And yeah, mainly just listening to our customers and trying to be agile. We have a lot less dealers than some of the other wholesale distributors too. So one of the big things that’s coming up in our industry is obviously it’s based on the election cycles and it’s really highly dependent on things other than actual normal circumstances like the pandemic, for example, we’ll talk about later in the call. The election cycles really influence the demand in our industry, and we’ve got a lot less dealers. So we were able to allocate that product and the rare product that’s hard to get, or if not impossible to get for a smaller dealer at a larger distributor. You often can find us sometimes even just sitting in stock, ready to check out through our site.

Austin Rose:

Yeah. Yeah. And that’s actually really interesting that you brought that up because that’s something that we hear a lot about is the margins specifically on just kind of like your normal 870 Remington or something like that. Right. It’s crazy that we have retailers that are selling products that are thousands and thousands of dollars and the margins are just unbelievably low. And that’s something that we hear all the time with our customers and obviously us being a SaaS company where a lot of these other SaaS companies do GMV kind of for how they bill and what their plans are. And we’ve seen the order volume side of things, not necessarily the dollar amount has been kind of the key for a lot of these firearm dealers. And that’s really cool that you brought that up. I always knew the … or I went to y’alls website and I know your products and just like these brand new brands I’ve never seen some crazy accessory or what was the flame servers that we saw and like some [crosstalk 00:04:52].

Eric:

Yeah. Well, that’s my personal favorite. I was going to … We definitely can’t go through this call without mentioning the flamethrowers. But that’s a perfect example of something that a larger conservative distributor may not touch just unbiased, unreasonable, unreasoned fear basically. It may be a scary product. Oh, it’s a flame thrower. Well, you shouldn’t be scared of it because you’re going to make four times more margin selling a flame thrower than you would a firearm. And those are the kinds of things … That’s a perfect example of the kind of product types we like to bring in at 2nd Amendment Wholesale. Another example is the gear head works pistol braces, for example. We were the first and only wholesale distributor for that pistol brace brand. The tail hook is what they call it.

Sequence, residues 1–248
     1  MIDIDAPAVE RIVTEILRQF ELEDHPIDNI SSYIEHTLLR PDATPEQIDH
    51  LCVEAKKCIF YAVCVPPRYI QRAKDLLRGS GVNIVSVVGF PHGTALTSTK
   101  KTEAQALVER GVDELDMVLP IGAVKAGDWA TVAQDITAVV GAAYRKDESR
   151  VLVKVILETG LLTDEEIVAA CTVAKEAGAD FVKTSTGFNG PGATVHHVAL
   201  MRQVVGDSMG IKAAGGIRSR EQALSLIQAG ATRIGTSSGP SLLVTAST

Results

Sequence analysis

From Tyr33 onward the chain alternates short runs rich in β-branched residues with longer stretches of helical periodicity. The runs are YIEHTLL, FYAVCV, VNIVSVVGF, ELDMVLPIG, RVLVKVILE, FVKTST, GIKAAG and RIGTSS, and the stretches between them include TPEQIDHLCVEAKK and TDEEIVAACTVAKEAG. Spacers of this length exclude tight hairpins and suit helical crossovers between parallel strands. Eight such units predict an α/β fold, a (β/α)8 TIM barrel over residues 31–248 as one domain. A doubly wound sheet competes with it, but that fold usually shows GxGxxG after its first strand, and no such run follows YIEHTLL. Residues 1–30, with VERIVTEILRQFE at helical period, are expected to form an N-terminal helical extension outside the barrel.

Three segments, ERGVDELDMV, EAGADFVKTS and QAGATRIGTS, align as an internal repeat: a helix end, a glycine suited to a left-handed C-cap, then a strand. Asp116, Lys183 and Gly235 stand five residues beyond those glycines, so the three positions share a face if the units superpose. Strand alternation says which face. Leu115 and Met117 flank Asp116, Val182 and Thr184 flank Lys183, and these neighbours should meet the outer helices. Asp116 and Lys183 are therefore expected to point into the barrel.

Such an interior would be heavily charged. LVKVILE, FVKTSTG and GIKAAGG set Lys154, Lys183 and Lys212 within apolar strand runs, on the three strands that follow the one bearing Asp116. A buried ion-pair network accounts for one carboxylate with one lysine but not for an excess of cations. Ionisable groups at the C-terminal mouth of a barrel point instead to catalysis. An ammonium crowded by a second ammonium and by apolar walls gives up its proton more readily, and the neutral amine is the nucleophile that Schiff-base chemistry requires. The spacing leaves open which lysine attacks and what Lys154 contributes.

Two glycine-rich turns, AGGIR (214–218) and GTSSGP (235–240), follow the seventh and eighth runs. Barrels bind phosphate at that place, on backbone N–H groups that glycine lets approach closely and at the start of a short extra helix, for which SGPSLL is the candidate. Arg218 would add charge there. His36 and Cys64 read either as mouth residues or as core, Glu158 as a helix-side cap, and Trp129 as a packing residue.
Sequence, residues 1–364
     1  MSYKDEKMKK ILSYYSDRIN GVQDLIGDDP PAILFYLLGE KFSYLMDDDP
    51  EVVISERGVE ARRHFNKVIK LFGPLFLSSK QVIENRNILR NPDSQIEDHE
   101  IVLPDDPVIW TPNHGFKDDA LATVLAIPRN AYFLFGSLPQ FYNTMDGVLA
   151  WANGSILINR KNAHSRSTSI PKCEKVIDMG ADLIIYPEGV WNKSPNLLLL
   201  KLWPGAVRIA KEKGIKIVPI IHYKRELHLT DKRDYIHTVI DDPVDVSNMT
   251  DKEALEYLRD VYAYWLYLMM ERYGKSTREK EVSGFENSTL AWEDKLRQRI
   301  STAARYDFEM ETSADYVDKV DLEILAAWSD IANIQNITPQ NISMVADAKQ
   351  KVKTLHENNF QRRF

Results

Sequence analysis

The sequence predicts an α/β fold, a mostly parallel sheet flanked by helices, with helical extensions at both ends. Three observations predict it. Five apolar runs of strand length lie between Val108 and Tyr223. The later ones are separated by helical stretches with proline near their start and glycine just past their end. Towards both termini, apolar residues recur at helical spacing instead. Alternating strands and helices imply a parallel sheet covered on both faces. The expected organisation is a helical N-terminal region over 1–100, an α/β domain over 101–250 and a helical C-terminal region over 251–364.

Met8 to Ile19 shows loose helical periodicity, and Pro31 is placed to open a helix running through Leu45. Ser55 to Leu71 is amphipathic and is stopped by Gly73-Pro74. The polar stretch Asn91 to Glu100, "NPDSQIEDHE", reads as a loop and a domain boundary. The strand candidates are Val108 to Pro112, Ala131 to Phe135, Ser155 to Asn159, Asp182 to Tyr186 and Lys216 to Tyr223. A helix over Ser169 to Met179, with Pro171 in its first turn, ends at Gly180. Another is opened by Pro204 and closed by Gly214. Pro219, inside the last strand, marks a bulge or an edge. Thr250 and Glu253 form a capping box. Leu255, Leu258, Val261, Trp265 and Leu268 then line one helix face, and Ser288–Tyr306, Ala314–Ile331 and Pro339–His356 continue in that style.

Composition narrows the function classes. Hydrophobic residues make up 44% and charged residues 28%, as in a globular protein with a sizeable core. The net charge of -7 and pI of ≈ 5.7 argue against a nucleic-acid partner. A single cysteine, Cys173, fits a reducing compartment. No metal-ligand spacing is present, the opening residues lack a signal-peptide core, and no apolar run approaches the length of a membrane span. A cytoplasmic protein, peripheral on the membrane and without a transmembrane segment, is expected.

Eric:

And we essentially helped build their brand up from a relatively small parts unknown manufacturer to arguably the second largest and second most popular pistol brace, if not the highest, most popular based on quality in some people’s opinion. But as far as brand name recognizability, probably number two right now in the industry, honestly. And other wholesale distributors have followed in our footsteps and two other wholesale distributors have picked up the line after us. So that’s just a good kind of example. Also we won Franklin Armory distributor of the year of 2019. So we’re certainly not the largest distributor, but when we find a brand that has good profit margin for our dealers, we push it and we push it hard and that helps them as well as us. And I didn’t even realize this, but we actually did the highest volume total revenue for that brand. And I just figured that we were maybe their favorites or something. Right. But they told me that we actually beat out the bigger wholesale distributors on that particular brand for sales. So that’s the award sitting on the wall over there.

Austin Rose:

I see that back there. I recognize that award because I believe we were right next to you guys when you got that in Vegas at SHOT show which was a great time of course with you guys hanging out inside the show and outside of the show.

Eric:

That’s right. Venetian bars, circle bars where all the deals are done.